Friday, January 27, 2017

The Land of Forgotten Girls by Erin Entrada Kelly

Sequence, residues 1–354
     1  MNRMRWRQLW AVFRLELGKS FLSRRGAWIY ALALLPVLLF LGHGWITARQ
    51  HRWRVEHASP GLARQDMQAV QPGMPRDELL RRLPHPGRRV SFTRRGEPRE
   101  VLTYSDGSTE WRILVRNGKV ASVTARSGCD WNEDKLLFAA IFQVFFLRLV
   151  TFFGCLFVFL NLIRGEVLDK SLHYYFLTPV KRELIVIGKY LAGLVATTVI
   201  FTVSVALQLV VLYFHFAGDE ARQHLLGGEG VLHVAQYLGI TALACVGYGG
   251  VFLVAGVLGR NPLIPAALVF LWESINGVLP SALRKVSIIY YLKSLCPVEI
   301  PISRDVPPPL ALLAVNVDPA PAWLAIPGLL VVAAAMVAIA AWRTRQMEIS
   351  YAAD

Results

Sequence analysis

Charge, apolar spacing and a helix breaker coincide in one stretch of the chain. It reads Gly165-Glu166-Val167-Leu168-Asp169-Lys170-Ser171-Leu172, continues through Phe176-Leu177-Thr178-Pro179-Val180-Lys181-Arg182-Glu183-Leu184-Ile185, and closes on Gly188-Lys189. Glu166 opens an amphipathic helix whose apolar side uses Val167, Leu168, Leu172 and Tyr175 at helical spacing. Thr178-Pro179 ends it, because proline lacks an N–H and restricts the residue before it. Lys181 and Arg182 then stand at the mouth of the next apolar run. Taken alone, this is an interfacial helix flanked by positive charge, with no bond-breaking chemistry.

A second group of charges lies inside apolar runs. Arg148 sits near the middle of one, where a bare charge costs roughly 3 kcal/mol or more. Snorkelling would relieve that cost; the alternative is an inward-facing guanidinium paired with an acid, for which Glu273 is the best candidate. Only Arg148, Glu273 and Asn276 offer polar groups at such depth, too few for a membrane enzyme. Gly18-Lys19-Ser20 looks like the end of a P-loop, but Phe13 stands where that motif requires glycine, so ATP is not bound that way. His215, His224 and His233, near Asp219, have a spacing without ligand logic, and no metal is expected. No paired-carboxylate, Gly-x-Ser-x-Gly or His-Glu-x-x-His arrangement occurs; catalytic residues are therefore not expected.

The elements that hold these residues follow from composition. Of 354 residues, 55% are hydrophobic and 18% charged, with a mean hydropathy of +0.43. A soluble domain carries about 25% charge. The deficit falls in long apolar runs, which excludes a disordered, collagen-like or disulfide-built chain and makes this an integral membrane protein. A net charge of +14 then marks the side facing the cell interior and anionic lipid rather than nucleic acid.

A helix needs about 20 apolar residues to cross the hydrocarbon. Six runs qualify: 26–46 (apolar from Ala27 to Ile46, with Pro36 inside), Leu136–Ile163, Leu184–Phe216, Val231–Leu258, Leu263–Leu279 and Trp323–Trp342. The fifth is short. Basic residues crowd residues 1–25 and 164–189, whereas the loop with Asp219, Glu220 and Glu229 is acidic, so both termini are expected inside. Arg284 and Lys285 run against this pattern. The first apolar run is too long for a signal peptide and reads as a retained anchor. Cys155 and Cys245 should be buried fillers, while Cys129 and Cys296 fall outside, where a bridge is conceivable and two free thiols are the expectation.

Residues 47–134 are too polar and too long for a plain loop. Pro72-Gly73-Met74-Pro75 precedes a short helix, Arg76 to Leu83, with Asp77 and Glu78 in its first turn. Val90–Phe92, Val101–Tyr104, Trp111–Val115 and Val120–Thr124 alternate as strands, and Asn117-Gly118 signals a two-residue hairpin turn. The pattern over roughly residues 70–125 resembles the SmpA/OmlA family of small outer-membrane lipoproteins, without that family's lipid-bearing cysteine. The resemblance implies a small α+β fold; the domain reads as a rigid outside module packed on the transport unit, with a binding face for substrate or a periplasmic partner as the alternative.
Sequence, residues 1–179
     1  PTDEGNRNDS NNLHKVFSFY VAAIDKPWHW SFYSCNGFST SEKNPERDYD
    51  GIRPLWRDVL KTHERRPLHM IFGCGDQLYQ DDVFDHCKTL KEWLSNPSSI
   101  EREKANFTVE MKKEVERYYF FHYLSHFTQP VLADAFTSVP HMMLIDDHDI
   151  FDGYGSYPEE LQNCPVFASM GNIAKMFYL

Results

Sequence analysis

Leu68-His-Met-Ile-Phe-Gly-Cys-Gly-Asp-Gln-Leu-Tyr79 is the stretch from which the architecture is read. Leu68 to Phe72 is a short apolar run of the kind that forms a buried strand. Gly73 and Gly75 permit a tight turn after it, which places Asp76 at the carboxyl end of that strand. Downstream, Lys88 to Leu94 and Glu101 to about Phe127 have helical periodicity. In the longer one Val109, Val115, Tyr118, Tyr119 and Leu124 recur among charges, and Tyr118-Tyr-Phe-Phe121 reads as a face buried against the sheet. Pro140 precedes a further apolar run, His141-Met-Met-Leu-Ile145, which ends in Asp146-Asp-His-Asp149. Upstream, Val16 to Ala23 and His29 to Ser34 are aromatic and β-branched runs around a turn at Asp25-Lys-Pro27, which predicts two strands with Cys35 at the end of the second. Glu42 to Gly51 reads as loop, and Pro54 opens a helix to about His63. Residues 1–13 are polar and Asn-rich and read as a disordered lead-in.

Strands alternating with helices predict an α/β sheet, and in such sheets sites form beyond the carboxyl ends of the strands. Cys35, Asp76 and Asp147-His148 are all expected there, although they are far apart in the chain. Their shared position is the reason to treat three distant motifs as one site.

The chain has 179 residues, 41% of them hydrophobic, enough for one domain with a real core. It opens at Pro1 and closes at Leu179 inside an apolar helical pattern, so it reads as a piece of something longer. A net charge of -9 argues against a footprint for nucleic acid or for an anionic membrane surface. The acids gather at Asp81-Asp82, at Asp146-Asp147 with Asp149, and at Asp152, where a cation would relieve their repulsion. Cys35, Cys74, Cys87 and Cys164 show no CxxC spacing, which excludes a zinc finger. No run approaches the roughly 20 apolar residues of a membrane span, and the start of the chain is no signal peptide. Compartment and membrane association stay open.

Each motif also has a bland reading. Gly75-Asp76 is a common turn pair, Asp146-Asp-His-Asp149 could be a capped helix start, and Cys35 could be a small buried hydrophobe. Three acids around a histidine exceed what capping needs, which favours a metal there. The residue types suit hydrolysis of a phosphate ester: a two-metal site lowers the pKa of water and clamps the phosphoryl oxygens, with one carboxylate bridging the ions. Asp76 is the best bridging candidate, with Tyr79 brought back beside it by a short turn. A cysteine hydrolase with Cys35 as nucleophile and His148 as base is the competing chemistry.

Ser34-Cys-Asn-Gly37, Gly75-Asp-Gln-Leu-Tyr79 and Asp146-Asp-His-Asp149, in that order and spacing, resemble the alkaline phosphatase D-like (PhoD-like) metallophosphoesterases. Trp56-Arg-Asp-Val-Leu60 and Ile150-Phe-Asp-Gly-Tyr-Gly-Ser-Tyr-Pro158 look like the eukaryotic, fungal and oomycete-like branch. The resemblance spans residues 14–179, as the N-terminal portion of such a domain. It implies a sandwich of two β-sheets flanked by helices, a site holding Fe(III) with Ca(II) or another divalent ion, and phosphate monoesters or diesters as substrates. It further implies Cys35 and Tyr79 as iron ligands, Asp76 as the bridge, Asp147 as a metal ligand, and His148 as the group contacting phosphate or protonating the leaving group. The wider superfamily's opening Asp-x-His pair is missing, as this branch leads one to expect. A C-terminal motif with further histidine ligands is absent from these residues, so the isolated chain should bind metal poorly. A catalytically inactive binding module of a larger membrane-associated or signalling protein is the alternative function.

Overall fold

Cover image for The land of forgotten girlsSol and Ming's mother died when Ming was just a baby.  Even though they were originally born in the Philippines, they now live with a verbally abusive stepmother in Louisiana, USA.  To cope, Sol makes up wildly imaginative stories for her sister about a mystical aunt who travels the world and has grand adventures.  Ming gets so caught up in the stories that she begins to believe the aunt will come and rescue them from their wicked stepmother. Sol is afraid of what will happen when the aunt doesn't show up, but eventually help comes from an unexpected source.  Sol and Ming's situation is tough, but natural resilience and sisterly love help them move forward. Like Beans in  Full of Beans, Sol starts out pretty unconcerned with morality, but develops a moral sense as she begins to see herself as a role-model for her sister.  I was glad the author didn't create a miraculous salvation for the girls at the end. The reader gets a sense that their life will be a bit better and that someone is looking out for them, but there are no easy solutions for their situation. The ending felt realistic and authentic to me, more so than the ending of Connect the Stars. Overall it is another good choice for those rare children who actually like social issue books.(299 p.)

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